By: Ann Brown
I really should have more money than I do. I have no idea where it all went.
When I was in third grade, our entire class opened a bank account. Every Monday we had to bring 50 cents to school in one of those envelopes with the wraparound string closure and we’d all walk down the block to the bank to make our deposits. I think that was a stellar idea, emblematic of the many stellar ideas of the 1960’s, none of which, in my opinion – save for the Epilady and Caller ID, have been improved upon by much of anything in the ensuing decades although, granted, a lot of the late 60’s to the the 80’s is pretty much a blur to me.Especially the 80’s. What the fuck was with the 80’s, anyway? I wasn’t even smoking pot anymore by then and it’s still all hazy and rainbow trails in my mind. What the hell was I doing in the 80’s?
Oh right. I was having babies. And it was the Reagan years. And GHW Bush for a year there, at the end. Fuck. I shoulda just hit myself over the head with a hammer until that decade was over.
Anyway, back to my first bank account.
Even back then it was hard for me to give up my 50 cents to the bank. I can’t really remember what I would have preferred to spend my allowance on, but I do recall that when I had to put it in the stupid envelope from school, I knew I was being screwed.
And I was right. I never saw that money again. On the other hand, I heard my third grade teacher moved out of the San Fernando Valley and to the beach.
I have never been money savvy. Even today, as I write this blog entry, I have a nagging bad feeling that I left my debit card in the ATM again this morning.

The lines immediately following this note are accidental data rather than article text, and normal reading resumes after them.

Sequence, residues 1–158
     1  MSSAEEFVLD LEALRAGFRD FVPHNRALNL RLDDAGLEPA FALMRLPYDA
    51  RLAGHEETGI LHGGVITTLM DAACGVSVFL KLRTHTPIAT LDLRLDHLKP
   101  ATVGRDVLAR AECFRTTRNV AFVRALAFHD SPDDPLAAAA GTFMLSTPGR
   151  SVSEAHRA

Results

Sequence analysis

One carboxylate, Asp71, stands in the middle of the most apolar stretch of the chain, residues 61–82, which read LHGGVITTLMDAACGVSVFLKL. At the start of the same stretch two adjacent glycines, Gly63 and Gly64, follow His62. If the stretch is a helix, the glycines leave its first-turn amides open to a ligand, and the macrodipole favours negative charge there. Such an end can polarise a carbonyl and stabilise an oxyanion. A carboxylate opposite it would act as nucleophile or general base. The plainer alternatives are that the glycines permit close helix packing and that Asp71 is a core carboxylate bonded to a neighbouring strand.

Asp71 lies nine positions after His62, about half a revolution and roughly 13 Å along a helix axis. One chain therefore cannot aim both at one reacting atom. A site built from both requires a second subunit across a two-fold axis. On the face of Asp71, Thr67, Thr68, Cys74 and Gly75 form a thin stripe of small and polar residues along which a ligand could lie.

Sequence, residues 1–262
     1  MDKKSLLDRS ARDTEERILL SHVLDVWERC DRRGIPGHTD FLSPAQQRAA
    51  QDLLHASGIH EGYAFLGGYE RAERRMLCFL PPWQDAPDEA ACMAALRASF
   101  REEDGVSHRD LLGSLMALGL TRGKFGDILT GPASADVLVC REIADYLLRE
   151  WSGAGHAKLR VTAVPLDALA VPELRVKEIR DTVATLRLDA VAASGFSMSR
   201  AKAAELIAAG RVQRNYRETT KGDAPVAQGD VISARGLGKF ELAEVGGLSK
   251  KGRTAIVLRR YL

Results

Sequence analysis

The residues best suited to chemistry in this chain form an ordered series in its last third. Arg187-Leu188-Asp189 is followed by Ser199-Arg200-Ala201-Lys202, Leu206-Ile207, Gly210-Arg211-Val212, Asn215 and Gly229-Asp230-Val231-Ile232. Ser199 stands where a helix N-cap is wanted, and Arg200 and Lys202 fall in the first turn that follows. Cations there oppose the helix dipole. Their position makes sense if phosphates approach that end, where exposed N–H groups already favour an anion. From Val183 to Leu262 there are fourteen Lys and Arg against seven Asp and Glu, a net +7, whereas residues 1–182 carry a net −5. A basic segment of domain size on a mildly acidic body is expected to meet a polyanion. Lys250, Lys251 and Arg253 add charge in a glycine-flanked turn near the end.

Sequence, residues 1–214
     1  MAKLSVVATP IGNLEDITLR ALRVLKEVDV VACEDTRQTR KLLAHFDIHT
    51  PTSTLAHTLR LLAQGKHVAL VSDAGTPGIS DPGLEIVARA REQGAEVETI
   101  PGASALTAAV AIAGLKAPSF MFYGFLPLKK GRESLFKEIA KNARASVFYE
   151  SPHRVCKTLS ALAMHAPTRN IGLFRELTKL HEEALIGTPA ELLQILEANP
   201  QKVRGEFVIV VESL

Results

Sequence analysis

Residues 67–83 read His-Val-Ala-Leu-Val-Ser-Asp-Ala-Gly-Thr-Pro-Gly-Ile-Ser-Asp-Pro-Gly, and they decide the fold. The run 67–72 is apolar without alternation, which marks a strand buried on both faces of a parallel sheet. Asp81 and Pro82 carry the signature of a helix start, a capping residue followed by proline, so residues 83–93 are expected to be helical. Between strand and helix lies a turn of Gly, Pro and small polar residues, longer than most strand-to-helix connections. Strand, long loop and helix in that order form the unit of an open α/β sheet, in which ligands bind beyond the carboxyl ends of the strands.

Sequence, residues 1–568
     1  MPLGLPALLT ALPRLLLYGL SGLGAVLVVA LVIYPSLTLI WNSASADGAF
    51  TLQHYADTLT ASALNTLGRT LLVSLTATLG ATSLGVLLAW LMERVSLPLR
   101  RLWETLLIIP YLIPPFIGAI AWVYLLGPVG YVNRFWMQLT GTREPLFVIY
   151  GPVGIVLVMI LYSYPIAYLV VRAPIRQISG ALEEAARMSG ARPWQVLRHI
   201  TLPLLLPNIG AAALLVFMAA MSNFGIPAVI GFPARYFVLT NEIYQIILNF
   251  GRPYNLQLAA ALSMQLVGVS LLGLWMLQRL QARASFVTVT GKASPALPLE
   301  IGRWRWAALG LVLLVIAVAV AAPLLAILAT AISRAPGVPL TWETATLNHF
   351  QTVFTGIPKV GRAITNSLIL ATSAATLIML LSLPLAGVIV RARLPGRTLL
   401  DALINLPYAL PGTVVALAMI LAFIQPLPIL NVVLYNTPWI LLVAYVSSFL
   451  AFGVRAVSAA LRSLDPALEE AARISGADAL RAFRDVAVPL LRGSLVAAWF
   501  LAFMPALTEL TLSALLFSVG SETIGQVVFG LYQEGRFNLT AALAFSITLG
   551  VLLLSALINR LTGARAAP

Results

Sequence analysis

When I was three years old, my five-year-oldsisterpimp paid me good money to stand out in the middle of our street and pull my pants down. Her original start-up money came from the neighborhood boys from whom she collected a nickel a piece to watch me. Now Karen, there’s a girl with money savvy. She had probably been planning this scheme since the day I was born; fattening me up with extra French toast, making sure Mom kept Desitin on my diaper rash, talking me up to the boys in the hood. That my horrible eyesight rendered me practically unable to see anything past my nose, keeping me oblivious to an audience hiding behind their garages was, I bet, just icing on Karen’s cake.
This thing went on for, oh, an entire summer and ended only when I discovered she had been paying me by stealing the previous day’s money from my piggy bank and using it over and over again. I confronted her about it and she explained that the boys were no longer willing to ante up to see me strip anymore so she had to offer it free, and even then only one of them still bothered to come outside to watch.
It was only recently that I realized the full insult of that situation. They didn’t even want to see my naked butt for free???? Fuuuck. No wonder I have body issues.
It was at that point in my life that I decided a life of stripping was probably not going to pay my rent. So I chose, instead, to attend UC Santa Cruz and major in Ethnomusicology of the Balkans, a slam dunk major leading to a profession guaranteed to rake in the big bucks, especially in the trickle-down Reaganomics years.
After the Revolution, when I rule the universe and we all live in next door yurts on the commune, I will make Balkan musicians the highest paid people in the world. Next will be strippers. Then bloggers.And then sisterpimps. Although Karen has done alright for herself.
Last I heard, she was taking a Mediterranean cruise with a friend who looked suspiciously like my third grade teacher.
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Originally published on The Seattle Lesbian
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